Psychiatry Residency Interview Questions and Answers 2023 : Current School News [Must Read]


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– Psychiatry Residency Interview Questions –

While going for Residency Interview, prepare yourself well by coming up with answers to residency interview questions like the ones below in advance. Determine how to tie your answers into the overall theme of the interview, your qualifications, and the specific needs or parameters of the program you are interviewing with.

One of the unique things about interviewing for a psychiatry program is that you’re interviewing with people whose entire job is understanding people.

Psychiatry is the medical speciality devoted to the diagnosis, prevention, and treatment of mental disorders. It includes the mood-related, behaviour, cognition, and perceptions of the person.

It’s a branch of medicine that deals with mental, emotional, or behavioural disorders. It is a four-year bachelor’s degree in medical school. It includes English, Maths, Biology, Chemistry, and Physics.

That means that the more you can let them in to see your passions, your passion about your future career, your goals, what you liked about their program, and why you feel you’d be a good match, the better the interview will go.


Psychiatry Residency Interview Questions and Answers

When you have already covered your values for yourself, and the values you have identified and appreciate in the program you are interviewing for, it is much easier to stand out from the crowd because you’re already demonstrating interest and knowledge of the program, and of yourself.

They will ask you questions, and you should have well-rounded, empathic, and intelligent answers that are real and true.

Most often, they will ask you about: the greatest thing you have overcome, what your weakness is, and how you have demonstrated resilience.

1. What are your plans if you don’t meet our expectations?

Most people don’t like it when others seem to accuse them of failure, and many applicants are put off by this question.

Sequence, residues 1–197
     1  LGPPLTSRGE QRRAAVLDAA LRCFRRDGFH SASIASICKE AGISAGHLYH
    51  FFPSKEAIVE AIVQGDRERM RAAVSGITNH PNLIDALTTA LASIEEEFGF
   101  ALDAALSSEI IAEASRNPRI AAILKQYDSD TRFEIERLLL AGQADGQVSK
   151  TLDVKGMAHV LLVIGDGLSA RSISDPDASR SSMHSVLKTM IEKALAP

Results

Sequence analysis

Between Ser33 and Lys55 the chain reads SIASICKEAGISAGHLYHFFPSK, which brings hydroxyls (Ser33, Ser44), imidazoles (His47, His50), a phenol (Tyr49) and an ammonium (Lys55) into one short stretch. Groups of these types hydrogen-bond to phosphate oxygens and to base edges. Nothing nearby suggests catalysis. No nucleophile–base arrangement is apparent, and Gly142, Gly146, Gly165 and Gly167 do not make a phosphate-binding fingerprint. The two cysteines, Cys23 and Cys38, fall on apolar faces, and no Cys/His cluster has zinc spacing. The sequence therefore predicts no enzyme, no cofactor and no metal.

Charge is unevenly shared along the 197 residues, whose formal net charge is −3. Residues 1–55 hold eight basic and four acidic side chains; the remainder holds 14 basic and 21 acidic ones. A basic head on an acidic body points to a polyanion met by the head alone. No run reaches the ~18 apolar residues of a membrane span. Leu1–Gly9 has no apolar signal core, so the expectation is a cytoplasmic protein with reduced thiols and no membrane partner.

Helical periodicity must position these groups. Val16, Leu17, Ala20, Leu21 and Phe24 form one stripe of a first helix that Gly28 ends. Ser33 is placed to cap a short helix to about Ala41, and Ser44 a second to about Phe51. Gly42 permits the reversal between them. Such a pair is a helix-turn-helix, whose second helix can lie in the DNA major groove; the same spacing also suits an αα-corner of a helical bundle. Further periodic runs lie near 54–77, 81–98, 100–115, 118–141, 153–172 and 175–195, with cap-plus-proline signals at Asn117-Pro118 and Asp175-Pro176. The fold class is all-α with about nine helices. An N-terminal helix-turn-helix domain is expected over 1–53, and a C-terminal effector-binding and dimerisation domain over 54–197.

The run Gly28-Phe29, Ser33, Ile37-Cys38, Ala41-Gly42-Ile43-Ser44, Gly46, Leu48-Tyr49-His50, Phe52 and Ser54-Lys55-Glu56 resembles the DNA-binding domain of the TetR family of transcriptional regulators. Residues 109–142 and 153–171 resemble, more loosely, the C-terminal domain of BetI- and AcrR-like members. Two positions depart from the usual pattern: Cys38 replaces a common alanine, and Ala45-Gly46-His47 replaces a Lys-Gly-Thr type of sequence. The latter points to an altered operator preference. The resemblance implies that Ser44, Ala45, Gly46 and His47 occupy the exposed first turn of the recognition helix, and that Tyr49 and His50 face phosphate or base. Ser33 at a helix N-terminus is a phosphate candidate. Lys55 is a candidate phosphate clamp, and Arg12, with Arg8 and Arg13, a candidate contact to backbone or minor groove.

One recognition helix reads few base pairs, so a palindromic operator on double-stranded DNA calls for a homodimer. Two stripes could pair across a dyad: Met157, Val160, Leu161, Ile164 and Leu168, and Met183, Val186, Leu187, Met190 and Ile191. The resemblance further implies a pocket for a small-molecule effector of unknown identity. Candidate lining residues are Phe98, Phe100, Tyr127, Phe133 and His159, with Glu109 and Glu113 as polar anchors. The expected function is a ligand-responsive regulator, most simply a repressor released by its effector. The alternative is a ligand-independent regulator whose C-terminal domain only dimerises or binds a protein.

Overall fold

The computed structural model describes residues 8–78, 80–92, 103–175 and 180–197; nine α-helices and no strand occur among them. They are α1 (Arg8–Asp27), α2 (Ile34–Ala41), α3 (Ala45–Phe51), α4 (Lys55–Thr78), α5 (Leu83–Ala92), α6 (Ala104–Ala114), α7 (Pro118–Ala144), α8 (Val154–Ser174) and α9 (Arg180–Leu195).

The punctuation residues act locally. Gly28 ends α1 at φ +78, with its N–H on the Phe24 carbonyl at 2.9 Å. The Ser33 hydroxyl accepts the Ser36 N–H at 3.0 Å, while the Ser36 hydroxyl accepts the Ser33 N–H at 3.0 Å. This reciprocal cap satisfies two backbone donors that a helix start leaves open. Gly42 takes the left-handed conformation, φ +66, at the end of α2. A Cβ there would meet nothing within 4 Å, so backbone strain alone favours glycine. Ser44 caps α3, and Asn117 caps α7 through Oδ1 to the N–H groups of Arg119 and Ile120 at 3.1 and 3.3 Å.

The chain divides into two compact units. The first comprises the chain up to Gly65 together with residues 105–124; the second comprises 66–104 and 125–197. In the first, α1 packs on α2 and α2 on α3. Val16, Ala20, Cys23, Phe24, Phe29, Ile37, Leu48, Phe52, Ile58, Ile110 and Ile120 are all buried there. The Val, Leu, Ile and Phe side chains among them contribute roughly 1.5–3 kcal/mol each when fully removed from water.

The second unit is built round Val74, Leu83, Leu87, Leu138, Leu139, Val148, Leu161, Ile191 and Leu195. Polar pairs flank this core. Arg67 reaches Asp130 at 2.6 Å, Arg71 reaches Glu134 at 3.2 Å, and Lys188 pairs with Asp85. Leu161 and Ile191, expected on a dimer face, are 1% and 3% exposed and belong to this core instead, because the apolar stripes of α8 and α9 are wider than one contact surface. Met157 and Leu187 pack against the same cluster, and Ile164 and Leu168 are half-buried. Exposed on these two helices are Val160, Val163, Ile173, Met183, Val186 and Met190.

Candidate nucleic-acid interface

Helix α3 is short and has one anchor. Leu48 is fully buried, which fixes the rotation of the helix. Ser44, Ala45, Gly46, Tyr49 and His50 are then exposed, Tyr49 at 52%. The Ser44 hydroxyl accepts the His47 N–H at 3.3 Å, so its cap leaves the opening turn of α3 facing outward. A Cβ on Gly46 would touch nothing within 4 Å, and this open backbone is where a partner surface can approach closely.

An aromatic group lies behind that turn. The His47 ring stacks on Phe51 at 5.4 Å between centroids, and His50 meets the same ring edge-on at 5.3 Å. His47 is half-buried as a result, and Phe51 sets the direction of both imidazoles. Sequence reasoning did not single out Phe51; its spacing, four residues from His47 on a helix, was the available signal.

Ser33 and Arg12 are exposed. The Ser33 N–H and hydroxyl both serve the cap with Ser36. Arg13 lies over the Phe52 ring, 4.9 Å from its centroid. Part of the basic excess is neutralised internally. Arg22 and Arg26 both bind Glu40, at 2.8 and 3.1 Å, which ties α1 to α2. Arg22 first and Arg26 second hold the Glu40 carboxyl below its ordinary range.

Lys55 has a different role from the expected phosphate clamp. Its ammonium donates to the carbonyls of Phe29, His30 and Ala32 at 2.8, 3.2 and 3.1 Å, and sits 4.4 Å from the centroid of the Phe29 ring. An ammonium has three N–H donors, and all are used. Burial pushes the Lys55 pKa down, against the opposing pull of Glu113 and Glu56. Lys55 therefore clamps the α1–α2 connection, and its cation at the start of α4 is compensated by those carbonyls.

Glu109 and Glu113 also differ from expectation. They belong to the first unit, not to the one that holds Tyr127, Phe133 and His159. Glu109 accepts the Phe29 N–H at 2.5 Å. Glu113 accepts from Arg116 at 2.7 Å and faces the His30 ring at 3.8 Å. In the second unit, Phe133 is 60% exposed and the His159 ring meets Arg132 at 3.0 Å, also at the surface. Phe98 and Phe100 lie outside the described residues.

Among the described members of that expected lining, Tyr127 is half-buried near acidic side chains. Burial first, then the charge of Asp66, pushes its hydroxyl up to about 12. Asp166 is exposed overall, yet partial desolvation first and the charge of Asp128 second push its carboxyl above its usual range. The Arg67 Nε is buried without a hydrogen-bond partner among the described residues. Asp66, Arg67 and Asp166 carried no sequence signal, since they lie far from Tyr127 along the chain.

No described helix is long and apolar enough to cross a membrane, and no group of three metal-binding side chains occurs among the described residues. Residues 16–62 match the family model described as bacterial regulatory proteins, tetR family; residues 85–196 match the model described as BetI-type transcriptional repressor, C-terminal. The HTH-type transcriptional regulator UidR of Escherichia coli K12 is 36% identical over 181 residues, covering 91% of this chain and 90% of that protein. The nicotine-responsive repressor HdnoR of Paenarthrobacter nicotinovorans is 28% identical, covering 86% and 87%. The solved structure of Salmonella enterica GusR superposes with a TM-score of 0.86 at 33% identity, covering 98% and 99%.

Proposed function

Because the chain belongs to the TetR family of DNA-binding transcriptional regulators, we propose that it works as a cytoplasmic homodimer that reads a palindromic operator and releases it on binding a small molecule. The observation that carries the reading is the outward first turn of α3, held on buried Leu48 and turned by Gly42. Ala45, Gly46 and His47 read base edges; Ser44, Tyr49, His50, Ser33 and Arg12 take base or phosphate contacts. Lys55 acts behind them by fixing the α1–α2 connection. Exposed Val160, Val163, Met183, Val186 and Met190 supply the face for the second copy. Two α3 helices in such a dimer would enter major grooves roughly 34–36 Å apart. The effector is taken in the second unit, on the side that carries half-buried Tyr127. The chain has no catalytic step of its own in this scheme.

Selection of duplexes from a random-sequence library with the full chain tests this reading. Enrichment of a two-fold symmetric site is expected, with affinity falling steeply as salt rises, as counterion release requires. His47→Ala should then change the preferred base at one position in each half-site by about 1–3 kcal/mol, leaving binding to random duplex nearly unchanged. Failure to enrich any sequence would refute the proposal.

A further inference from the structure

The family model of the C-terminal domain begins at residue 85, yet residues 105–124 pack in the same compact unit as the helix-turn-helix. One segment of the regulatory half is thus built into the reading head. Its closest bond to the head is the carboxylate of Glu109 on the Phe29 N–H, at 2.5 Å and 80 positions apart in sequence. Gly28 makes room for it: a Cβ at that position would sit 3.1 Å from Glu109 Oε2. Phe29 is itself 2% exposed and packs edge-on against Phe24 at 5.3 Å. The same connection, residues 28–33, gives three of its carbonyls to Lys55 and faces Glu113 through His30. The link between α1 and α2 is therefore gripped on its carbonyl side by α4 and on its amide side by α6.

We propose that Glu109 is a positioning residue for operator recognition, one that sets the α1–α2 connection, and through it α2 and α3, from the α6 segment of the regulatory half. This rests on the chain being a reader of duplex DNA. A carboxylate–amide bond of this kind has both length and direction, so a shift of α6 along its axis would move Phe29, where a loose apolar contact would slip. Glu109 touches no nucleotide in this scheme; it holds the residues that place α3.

It is nevertheless important to be prepared for an interviewer to challenge you; show the interviewer that you have considered all eventualities, and are prepared to do whatever it takes to succeed.

Think about this in advance, and be prepared to highlight what steps you think you would take in this situation.

2. Do you have any questions?

This is a key component of the interview you must prepare for. Asking a few well-thought-out and considered questions will show your interviewer that you care, your genuinely curious, and you have put some thought into the program and how you might be a good fit.

Provoke discussion and insight. Be careful with your questions. Do NOT ask questions you can easily obtain by conducting basic research on the program. Most of all, do NOT raise any controversial topics, such as politics or religion.

3. What do you like to do in your free time?

This is an extremely important question. They are trying to see if they can connect with you on a personal level. They are struggling to relate to you or, more simply, they want to know if you are a relatable person.

Know and assume that you will get the job only if you are relatable!!

4. Why did you choose this specialty?

They want to know how you know that you will like working in the specialty (considering that you probably didn’t have all that much exposure to it), and that you won’t drop out of the program after your first year.

Build rapport. Try to connect with the interviewer by validating their own reasons for joining the speciality!


5. Do you have any interesting cases to discuss?

They want to know how you work with a team to solve problems and to advance your patients’ interests (don’t forget about this last part!)

Not always asked, but you need to be comfortable with this question because it is asked sometimes, especially in the more academics-minded programs.

You don’t want to get caught flat-footed simply because you failed to prepare a potentially straightforward but meaningful case.

6. Can you introduce yourself?

The key is to show a genuine and open personality right from the start. Because psychiatry is a tough field, and it is crucial to have colleagues you can trust.

Now, you do not need to be overly enthusiastic or energetic–such behaviour doesn’t fit the setting anyway.

Just say who you are, where you are from, what interests you in life, and mention some hobbies you have. Mentioning the name of your med school goes without saying.

7. What are your expectations for this program?

What are your expectations for this program?What are your expectations for this program?

I’ve heard some people saying that they had no expectations of their mentors–but high expectations of themselves.

While this answer works well in many job interviews, I am not sure whether it is the right choice when you try to get into a psychiatry residency program. You should have expectations, of both mentors and the program.

8. Have you ever learned something important from a Patient?

First and foremost, this is a question of respect and attitude. Because I’ve seen psychiatric wards where patients were treated like animals (or even worse), and it was exactly because the psychiatrists and therapists thought they have nothing to learn from their patients. They have no desire to improve left in them.


You should never ever try to do your residency at such a place, regardless of the recognition or reputation in the community of doctors. Because you won’t walk away from a better person.

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CSN Team.

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